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Indonesia in talks with African countries to export its homemade COVID shot

African countries struggled early in the pandemic to secure COVID vaccines as rich countries hoarded doses. But many are now well-supplied with shots and are instead having trouble administering them, either because of hesitancy or logistics.

October 07, 2022 / 01:02 PM IST
Representative image

Representative image

Indonesia is in talks with several African countries, including Nigeria, to export and donate its homemade COVID-19 vaccine, its developer said on Friday, after becoming the first country in Southeast Asia to approve a domestically developed COVID shot.

Indonesian approval for the shot, the detailed trial data of which has yet to be announced and is primarily based on coroanvirus variants preceding Omicron, underscores progress in vaccine research and in reducing reliance on foreign technology.

"With Indovac … it’s Indonesia’s chance to donate,” Honesti Basyir, CEO of state-owned Bio Farma, told Reuters, referring to the protein-recombinant COVID vaccine that was approved by the drug regulator, BPOM, last month.

Bio Farma said it had also submitted documents to the World Health Organization for an emergency use listing (EUL) approval for IndoVac, which would allow it to be donated through organisations such as the global vaccine sharing scheme COVAX.

In the meantime, Indonesia can export the vaccine.

COVID-19 Vaccine

Frequently Asked Questions

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How does a vaccine work?

A vaccine works by mimicking a natural infection. A vaccine not only induces immune response to protect people from any future COVID-19 infection, but also helps quickly build herd immunity to put an end to the pandemic. Herd immunity occurs when a sufficient percentage of a population becomes immune to a disease, making the spread of disease from person to person unlikely. The good news is that SARS-CoV-2 virus has been fairly stable, which increases the viability of a vaccine.

How many types of vaccines are there?

There are broadly four types of vaccine — one, a vaccine based on the whole virus (this could be either inactivated, or an attenuated [weakened] virus vaccine); two, a non-replicating viral vector vaccine that uses a benign virus as vector that carries the antigen of SARS-CoV; three, nucleic-acid vaccines that have genetic material like DNA and RNA of antigens like spike protein given to a person, helping human cells decode genetic material and produce the vaccine; and four, protein subunit vaccine wherein the recombinant proteins of SARS-COV-2 along with an adjuvant (booster) is given as a vaccine.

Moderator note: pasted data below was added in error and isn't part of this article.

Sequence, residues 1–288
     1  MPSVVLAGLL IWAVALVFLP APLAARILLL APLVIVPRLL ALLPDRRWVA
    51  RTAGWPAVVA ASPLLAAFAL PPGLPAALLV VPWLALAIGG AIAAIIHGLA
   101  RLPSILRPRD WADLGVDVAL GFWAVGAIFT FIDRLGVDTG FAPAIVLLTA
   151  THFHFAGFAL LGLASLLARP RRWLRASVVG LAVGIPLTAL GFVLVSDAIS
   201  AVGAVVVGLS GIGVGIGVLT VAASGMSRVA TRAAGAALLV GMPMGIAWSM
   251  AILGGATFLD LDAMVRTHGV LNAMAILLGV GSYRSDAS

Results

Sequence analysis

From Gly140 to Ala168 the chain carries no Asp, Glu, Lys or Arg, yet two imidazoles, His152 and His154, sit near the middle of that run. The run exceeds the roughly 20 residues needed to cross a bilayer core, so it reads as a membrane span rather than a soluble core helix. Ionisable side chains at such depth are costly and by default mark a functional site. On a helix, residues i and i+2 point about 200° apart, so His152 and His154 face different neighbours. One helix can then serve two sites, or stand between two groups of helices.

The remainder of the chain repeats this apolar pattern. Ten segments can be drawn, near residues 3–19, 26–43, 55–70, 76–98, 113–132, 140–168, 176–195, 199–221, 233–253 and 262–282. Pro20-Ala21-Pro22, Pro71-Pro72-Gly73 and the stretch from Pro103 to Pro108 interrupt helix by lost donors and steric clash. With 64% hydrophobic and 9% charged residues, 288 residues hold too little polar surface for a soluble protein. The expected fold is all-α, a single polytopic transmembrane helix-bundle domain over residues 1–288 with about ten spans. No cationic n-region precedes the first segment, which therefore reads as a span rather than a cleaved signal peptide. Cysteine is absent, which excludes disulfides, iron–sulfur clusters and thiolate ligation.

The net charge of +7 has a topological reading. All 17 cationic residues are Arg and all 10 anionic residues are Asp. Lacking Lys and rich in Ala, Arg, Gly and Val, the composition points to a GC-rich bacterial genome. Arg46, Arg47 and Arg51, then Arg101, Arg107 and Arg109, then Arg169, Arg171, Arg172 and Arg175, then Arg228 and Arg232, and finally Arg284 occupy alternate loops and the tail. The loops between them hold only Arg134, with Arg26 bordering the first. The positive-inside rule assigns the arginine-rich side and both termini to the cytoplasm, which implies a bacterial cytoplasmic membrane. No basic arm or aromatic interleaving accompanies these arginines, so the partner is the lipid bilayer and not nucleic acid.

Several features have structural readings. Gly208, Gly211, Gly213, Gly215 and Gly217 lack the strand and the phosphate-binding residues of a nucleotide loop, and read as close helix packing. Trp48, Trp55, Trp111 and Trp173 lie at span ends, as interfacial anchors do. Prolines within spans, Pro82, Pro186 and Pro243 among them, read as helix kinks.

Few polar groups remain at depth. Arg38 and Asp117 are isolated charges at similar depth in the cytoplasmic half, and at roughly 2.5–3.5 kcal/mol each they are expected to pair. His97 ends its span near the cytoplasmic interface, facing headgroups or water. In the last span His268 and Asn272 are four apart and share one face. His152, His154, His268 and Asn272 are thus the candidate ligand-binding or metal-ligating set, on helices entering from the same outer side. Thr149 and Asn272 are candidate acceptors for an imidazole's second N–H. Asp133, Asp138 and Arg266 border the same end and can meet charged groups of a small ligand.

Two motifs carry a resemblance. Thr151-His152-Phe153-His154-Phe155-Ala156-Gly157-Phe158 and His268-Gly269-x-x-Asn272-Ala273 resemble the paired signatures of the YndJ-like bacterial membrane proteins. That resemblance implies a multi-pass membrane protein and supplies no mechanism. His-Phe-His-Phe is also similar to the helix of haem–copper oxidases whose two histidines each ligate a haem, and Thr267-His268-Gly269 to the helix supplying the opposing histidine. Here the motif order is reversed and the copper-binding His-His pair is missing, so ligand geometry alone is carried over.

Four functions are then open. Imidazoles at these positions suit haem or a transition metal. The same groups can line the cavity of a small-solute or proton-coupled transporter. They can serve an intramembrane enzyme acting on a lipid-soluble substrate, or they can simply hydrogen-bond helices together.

What does it take to develop a vaccine of this kind?

Vaccine development is a long, complex process. Unlike drugs that are given to people with a diseased, vaccines are given to healthy people and also vulnerable sections such as children, pregnant women and the elderly. So rigorous tests are compulsory. History says that the fastest time it took to develop a vaccine is five years, but it usually takes double or sometimes triple that time.

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"It doesn’t close the possibility of us exporting, as long as BPOM’s approval can be accepted by local regulators,” Honesti said, though adding that the priority was to vaccinate Indonesians first.

Export prospects for the vaccine are seen limited, however, as the COVID shots are in oversupply globally and Indovac is not developed to target the dominant Omicron variant.

African countries struggled early in the pandemic to secure COVID vaccines as rich countries hoarded doses. But many are now well-supplied with shots and are instead having trouble administering them, either because of hesitancy or logistics.

IndoVac, jointly developed with Texas Children’s Hospital Center for Vaccine Development at Baylor College of Medicine, is available as a primary shot for adults in Indonesia.

Honesti said research had begun to make an Omicron-targeted version, adding its COVID vaccine development had given Indonesia the confidence to reduce dependency on foreign technology.

Bio Farma plans to produce 20 million doses of IndoVac this year but the final supply depends on the government’s vaccination plans.

Indonesia has fully vaccinated more than 63% of its 270 million people with shots made by Pfizer/BioNTech, Moderna and China’s Sinovac Biotech.

Honesti said Bio Farma had stopped producing Sinovac’s vaccine last year and was not in the process of getting more supplies from the Chinese company, as it shifts its focus to IndoVac.
Reuters